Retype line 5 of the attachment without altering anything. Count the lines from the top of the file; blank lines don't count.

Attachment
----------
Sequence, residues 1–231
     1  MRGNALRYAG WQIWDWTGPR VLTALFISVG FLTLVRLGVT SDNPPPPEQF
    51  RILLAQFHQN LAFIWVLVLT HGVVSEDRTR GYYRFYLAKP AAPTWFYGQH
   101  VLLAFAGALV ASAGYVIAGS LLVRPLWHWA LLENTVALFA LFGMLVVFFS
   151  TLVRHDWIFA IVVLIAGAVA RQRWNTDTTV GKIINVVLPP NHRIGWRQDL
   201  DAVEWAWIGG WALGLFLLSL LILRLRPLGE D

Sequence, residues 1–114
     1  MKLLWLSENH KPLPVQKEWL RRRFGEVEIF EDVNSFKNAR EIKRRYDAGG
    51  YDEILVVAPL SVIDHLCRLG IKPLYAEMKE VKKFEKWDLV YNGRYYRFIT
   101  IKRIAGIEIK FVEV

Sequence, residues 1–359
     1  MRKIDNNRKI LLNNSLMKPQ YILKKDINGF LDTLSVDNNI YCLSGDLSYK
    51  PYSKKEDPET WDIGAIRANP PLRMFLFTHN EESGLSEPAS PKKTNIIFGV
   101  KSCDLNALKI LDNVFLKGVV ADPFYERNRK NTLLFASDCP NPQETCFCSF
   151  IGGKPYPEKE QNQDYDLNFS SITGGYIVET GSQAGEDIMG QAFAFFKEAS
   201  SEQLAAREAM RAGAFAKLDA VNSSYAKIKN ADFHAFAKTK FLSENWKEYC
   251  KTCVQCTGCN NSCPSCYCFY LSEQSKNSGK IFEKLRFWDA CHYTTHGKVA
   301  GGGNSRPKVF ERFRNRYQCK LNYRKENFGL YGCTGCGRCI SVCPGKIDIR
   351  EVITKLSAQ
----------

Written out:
   151  TLVRHDWIFA IVVLIAGAVA RQRWNTDTTV GKIINVVLPP NHRIGWRQDL